Psychological Climate for Diversity: Antecedents and Outcomes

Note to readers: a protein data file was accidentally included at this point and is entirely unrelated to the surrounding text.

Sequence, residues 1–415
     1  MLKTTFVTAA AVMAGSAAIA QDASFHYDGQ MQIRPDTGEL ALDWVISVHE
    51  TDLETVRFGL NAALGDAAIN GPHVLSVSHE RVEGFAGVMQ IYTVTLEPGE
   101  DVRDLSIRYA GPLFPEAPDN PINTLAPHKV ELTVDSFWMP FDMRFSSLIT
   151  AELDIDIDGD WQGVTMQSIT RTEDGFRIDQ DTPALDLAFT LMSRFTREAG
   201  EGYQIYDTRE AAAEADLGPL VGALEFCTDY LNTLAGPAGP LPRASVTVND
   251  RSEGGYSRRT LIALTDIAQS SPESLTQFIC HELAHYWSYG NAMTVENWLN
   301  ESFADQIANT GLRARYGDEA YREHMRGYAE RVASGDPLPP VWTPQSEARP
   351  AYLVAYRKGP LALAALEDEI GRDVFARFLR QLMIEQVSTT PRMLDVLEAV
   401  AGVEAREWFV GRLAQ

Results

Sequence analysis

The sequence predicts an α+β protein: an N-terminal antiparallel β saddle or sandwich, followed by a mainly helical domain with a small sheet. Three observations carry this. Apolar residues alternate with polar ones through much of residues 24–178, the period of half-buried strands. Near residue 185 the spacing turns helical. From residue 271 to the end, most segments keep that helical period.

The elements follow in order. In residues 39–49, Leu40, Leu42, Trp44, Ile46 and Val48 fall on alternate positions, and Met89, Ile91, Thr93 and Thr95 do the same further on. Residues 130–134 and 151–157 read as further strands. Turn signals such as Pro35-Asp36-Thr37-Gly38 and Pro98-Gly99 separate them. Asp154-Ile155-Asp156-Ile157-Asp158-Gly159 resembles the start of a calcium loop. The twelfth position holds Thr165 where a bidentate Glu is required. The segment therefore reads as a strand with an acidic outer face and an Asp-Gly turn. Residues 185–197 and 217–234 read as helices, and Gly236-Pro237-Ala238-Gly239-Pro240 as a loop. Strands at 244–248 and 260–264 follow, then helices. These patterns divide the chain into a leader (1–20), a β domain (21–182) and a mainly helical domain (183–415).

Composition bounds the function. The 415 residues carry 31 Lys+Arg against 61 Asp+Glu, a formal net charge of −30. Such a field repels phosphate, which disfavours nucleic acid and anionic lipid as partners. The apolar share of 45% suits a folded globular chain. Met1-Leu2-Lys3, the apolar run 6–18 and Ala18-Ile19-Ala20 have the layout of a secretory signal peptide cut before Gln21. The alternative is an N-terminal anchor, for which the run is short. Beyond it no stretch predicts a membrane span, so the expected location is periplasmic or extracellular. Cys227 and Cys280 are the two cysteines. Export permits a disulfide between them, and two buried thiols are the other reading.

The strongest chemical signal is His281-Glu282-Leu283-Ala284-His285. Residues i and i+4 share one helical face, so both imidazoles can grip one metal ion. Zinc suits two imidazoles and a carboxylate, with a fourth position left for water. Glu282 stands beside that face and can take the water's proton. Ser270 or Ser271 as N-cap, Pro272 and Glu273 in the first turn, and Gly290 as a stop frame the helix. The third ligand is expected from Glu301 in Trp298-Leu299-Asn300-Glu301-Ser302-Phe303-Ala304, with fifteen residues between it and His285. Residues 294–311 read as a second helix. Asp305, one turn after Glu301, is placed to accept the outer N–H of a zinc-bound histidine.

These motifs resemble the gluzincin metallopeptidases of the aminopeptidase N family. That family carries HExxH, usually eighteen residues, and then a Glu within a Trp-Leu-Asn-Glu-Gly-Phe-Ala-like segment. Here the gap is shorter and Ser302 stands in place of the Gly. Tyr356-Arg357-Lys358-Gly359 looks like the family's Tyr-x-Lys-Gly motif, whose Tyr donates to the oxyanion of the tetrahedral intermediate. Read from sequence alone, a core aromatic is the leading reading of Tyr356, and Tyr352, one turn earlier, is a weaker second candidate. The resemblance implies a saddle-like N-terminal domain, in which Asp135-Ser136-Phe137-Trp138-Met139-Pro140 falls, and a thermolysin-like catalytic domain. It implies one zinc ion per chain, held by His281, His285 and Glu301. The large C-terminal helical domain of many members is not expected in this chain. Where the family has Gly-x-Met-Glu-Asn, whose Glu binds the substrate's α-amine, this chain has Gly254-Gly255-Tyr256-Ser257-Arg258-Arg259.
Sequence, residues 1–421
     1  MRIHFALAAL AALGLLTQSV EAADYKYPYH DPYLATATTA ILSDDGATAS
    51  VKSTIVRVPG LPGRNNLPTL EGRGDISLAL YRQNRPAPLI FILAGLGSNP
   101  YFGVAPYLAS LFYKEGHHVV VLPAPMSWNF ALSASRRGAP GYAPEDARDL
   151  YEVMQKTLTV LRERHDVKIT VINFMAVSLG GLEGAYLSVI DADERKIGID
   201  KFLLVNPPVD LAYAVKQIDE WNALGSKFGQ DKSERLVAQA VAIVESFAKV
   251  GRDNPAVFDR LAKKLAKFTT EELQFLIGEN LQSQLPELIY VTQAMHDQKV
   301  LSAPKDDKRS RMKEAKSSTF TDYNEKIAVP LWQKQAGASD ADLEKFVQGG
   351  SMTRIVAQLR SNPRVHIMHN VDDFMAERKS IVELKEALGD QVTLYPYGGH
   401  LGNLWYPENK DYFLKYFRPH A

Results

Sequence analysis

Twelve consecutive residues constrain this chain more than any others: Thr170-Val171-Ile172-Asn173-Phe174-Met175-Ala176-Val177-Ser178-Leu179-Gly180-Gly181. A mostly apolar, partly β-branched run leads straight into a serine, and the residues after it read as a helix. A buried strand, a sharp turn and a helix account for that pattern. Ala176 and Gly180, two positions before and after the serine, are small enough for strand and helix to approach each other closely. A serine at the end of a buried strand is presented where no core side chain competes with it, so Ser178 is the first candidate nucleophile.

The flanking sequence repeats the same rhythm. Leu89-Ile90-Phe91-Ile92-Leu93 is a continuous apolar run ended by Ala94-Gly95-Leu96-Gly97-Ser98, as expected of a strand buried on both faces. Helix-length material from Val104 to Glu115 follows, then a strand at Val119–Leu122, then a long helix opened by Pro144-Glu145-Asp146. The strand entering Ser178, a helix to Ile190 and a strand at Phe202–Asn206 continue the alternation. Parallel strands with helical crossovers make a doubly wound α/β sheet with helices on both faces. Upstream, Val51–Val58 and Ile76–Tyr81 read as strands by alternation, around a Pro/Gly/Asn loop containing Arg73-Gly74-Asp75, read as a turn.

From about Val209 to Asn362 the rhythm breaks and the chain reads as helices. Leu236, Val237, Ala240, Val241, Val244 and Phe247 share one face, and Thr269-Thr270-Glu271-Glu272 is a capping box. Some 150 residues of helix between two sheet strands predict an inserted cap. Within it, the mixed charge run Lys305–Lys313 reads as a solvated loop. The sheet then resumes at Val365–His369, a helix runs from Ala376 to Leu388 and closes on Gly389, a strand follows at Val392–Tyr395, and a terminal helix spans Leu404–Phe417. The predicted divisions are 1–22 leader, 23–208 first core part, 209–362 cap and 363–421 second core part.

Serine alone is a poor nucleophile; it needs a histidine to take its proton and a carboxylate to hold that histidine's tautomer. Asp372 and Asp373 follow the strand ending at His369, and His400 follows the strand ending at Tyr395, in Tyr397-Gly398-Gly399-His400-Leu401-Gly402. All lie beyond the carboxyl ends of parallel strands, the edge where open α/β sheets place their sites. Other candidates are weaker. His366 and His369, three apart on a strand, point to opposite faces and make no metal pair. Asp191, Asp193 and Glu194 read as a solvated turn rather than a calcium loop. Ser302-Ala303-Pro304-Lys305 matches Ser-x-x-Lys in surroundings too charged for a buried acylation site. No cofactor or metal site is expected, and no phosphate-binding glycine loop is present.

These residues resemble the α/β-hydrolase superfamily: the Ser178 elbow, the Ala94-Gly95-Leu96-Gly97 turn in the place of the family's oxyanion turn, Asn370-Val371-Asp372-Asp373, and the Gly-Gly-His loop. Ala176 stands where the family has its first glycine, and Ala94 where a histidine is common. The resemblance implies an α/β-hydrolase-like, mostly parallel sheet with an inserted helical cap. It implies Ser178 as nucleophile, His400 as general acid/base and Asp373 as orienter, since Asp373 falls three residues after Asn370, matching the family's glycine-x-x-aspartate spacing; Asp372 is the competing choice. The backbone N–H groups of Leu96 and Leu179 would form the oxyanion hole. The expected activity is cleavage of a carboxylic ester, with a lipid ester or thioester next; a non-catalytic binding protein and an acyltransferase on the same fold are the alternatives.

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Although some research has examined climate for diversity in organizations and its outcomes, little attention has been devoted to the antecedents of individuals' climate for diversity perceptions (psychological climate) or to a broader nomological network. The extent to which individuals have experience with diversity and receive information regarding diversity in an organization from various media were purported to relate to their diversity related climate perceptions, which in turn were proposed to relate to their racial understanding, belonging, ethnic identity, and performance. Further, individuals' race was believed to moderate the antecedent-climate-outcomes relationships. Hypotheses were tested using two samples, 871 newcomers and 688 incumbents, enabling examination of potential differences in relationships between the two. Overall, the proposed model was supported. Psychological climate for diversity partially mediated the exposure to diversity-outcomes relationship, and fully mediated the information regarding diversity-outcomes relationship. However, contrary to expectations, moderation of the antecedent-climate-outcomes relationships by race was weak, and these relationships were largely similar in the two samples.